# Chebyshev's inequality for Pareto distribution (3 sigma rule)

According to the Chebyshev's inequality, if we take any distribution, we get >88.8889% of data in +-3 sigma interval.

For a normal distribution it is 99.97%.

How to calculate the interval for a Pareto or any other distribution?

• You seem to be mixing up two different facts. Although 99.7% of the probability of a Normal random variable is within 3 sigmas of its mean, data realized by sampling this variable will not necessarily have that property. – whuber Dec 2 '20 at 16:14
• If the CDF of $X$ is known and $\mu$ and $\sigma$ both exist, then you can use the CDF to find $P(\mu-3\sigma < X < \mu+3\sigma).$ For $X\sim\mathsf{Exp}(1)$ with $\mu=\sigma=1,$ you can find the probability in R (where pexp is a CDF) with code diff(pexp(c(-2,4),1)), which returns $0.9816844.$ – BruceET Dec 2 '20 at 17:24
• For very large samples, you get nearly the theoretical proportion: For a sample of $10^6$ observations from $\mathsf{Exp}(1),$ R code set.seed(2020); x = rexp(10^6,1); mean(x < 4) returns $0.981702,$ which has a little better than the anticipated 2 or 3-place agreement with the value in my last Comment. – BruceET Dec 2 '20 at 17:48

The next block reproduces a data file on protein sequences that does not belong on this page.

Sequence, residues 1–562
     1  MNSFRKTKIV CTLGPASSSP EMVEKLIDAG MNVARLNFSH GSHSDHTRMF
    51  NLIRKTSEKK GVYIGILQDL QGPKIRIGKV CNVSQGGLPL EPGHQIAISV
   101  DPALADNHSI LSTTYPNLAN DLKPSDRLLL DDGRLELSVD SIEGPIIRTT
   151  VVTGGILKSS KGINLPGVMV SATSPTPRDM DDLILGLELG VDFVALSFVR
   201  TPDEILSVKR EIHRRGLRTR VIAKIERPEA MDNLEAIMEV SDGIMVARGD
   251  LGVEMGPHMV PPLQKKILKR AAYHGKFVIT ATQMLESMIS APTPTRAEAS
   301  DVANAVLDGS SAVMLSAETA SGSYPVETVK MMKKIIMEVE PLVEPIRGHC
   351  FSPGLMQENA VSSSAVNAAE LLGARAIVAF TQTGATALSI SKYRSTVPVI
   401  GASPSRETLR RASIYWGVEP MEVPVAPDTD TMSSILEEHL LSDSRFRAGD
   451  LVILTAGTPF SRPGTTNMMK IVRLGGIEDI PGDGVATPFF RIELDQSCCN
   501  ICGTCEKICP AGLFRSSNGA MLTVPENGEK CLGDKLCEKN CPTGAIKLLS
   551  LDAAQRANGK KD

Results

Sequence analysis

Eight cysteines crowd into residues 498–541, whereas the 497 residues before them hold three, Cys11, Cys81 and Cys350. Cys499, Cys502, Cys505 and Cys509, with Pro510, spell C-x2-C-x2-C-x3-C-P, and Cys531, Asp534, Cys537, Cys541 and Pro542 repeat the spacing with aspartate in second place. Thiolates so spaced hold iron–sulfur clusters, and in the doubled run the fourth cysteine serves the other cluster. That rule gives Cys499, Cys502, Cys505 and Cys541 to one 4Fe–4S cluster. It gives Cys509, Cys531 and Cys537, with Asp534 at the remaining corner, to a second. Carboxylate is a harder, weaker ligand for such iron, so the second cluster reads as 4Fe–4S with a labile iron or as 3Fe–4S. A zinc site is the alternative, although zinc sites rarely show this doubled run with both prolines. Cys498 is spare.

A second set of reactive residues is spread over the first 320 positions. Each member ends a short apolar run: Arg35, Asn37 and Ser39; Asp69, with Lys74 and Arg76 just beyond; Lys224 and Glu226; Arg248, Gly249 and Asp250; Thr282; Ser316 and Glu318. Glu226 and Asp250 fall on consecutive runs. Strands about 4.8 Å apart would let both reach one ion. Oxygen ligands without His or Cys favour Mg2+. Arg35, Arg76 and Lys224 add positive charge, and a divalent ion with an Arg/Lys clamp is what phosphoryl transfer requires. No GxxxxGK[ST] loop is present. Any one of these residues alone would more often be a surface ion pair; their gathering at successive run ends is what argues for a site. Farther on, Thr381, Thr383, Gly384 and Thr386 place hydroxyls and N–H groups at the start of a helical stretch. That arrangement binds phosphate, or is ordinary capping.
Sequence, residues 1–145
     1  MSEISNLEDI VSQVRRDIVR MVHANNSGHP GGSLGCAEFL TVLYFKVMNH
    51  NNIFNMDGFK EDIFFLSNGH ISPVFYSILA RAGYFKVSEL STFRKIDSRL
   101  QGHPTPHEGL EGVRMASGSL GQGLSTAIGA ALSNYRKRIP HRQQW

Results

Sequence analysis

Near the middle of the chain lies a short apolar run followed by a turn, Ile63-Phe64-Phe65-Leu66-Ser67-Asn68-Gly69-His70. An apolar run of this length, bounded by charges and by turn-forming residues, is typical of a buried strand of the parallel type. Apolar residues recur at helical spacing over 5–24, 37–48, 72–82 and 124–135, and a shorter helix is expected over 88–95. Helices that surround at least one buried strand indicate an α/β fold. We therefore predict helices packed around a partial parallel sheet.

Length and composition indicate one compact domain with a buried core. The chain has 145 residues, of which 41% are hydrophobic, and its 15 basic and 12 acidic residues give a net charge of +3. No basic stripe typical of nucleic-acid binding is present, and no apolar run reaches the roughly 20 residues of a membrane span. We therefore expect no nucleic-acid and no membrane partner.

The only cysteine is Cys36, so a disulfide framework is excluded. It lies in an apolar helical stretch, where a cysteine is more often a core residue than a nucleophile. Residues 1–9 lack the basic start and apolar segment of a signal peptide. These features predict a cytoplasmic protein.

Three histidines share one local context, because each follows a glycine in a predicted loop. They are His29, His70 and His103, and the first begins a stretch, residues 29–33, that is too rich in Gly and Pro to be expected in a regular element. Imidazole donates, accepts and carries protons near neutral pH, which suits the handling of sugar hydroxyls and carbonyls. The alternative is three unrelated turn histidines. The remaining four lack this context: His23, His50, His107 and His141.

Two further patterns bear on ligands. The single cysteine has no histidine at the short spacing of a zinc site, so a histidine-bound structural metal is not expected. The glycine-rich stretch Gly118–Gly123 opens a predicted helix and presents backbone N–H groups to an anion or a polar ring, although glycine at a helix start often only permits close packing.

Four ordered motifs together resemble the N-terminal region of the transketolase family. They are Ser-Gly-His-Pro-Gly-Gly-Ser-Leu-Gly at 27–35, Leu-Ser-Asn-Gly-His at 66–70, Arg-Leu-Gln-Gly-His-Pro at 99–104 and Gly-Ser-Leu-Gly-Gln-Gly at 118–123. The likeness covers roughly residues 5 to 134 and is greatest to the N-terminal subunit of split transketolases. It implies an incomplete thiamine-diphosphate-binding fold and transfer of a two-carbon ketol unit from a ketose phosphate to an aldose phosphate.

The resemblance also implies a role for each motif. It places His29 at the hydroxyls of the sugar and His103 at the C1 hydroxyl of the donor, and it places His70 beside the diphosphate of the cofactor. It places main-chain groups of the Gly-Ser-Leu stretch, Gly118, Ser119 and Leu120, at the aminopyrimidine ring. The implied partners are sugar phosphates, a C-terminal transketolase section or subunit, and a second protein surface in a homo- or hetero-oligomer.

Let $$X$$ be a random variable with mean $$\mu$$ and standard deviation $$\sigma$$. By simple probability rules, we have $$P\left(\mu-3\sigma \leq X \leq \mu+3\sigma\right) = P(X \leq \mu + 3\sigma) - P(X \leq \mu - 3\sigma).$$
The quantity $$P(X \leq x) = \int_{-\infty}^xf(t)dt$$ is called the cumulative distribution function (CDF), and is often written as $$F(x)$$. If the mean, standard deviation and CDF all exist in closed form, then this calculation is pretty straightforward.
For instance, if $$X \sim \text{Pareto}(x_m=1, \alpha=3)$$, then we have $$\mu = 1.5$$, $$\sigma = \sqrt{0.75}$$ and $$F(x) = \begin{cases} 1 - x^{-3}, & x > 1 \\ 0, & x \leq 1. \end{cases}$$
So the density contained within three standard deviations of the mean can be computed as \begin{align*} \approx P(-1.1 \leq X \leq 4.1) &= P(X \leq 4.1) - P(X \leq -1.1) \\ &= 1 - 4.1^{-3} - 0 = 0.985 \end{align*}
The normal distribution yields the same answer for all parameter values, but the Pareto (and most distributions) depends on the values of the parameters. For instance, if $$\alpha = 4$$, we get $$0.9824$$.
It is also worth considering the case where $$\alpha = 1$$. In this case, the mean and variance of the Pareto distribution is infinite, and the question no longer makes sense.